Gborplay v. Barnhill et al

Filing 17

ORDER REFERRING CASE to Magistrate Judge Stephen C. Williams. Signed by Judge J. Phil Gilbert on 5/11/2017. (tjk)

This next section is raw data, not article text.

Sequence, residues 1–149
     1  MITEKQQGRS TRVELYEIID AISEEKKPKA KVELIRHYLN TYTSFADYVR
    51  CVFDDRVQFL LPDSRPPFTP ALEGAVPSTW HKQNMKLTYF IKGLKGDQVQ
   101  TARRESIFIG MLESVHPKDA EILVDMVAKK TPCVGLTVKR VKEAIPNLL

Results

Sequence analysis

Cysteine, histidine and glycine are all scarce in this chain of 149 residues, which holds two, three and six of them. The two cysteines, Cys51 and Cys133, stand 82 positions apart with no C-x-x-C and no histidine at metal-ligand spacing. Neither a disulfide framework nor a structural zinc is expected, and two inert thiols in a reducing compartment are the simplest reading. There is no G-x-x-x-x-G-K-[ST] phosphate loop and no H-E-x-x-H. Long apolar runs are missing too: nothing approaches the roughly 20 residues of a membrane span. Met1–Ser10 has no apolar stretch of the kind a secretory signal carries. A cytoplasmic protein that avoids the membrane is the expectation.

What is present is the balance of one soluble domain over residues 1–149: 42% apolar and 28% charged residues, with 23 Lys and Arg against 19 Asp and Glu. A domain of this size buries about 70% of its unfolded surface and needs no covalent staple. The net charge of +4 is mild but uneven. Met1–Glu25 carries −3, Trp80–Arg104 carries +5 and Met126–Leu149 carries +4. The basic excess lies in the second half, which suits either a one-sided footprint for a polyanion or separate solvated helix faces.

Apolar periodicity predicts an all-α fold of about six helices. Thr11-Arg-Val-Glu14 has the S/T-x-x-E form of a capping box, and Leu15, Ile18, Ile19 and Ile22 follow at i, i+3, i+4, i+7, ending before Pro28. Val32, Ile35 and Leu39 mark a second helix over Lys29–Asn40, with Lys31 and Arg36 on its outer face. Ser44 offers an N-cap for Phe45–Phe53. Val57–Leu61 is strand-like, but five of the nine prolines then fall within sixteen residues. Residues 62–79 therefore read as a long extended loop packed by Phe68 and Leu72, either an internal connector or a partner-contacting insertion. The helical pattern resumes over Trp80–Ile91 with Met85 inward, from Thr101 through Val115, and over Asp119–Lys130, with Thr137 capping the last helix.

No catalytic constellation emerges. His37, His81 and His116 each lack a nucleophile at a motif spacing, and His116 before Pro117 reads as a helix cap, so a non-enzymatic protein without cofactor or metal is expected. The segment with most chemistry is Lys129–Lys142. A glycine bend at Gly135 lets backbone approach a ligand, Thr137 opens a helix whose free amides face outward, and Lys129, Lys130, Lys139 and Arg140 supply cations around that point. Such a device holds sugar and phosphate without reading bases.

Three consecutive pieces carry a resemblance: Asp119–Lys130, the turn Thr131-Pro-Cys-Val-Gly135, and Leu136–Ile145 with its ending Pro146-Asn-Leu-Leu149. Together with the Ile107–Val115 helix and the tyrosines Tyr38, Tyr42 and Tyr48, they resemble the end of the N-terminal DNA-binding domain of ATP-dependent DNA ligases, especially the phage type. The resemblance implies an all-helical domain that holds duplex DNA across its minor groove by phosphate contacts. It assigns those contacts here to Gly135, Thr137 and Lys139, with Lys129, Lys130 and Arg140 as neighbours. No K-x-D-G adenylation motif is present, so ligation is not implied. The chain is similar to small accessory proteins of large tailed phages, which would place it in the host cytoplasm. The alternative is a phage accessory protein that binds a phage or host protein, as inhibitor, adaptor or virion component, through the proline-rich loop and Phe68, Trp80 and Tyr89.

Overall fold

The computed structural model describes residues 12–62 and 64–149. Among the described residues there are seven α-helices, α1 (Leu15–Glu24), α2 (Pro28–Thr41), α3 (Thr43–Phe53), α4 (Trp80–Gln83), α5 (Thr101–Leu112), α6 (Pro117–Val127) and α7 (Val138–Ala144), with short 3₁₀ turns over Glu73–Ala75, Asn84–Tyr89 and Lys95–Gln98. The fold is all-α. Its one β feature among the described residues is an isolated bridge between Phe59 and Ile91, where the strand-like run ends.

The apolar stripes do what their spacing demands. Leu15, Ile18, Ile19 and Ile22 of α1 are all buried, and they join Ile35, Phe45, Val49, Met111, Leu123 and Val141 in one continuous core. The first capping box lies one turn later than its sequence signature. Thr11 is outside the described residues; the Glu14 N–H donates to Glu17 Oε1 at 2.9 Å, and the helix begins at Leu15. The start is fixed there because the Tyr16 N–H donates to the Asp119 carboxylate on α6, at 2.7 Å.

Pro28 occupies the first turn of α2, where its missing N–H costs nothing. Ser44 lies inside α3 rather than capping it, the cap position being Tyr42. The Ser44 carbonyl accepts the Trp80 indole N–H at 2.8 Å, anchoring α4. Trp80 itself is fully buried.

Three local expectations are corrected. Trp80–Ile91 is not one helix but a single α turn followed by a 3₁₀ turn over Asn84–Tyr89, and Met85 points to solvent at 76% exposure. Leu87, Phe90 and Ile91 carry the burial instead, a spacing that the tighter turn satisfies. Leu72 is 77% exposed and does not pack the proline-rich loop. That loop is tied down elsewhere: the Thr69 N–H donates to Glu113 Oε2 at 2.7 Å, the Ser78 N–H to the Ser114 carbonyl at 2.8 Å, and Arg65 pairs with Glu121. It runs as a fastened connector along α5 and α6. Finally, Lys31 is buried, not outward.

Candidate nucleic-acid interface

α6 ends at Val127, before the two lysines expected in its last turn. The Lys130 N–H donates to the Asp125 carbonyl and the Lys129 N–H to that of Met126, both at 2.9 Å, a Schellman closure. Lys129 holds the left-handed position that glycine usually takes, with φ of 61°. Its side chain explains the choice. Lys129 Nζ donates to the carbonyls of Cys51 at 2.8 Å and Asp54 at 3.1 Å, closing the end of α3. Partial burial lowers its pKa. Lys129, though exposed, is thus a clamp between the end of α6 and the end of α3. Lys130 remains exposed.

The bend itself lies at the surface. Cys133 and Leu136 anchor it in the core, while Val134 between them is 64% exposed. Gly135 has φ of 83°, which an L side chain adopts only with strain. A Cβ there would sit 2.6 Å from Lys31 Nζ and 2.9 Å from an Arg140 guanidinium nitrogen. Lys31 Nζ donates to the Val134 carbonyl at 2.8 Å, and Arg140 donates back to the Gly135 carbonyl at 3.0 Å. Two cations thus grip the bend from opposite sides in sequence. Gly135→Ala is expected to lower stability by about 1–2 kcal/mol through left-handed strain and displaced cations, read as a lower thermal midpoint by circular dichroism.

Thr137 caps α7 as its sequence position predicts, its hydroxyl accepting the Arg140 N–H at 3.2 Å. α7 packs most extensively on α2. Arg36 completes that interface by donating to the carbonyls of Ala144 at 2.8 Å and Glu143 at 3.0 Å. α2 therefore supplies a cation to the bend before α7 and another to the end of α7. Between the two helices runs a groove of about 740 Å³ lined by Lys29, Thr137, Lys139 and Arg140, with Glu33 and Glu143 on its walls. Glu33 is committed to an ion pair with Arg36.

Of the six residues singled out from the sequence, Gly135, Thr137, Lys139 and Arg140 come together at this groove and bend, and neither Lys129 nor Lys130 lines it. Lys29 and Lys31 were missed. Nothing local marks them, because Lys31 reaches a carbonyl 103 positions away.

Download PDF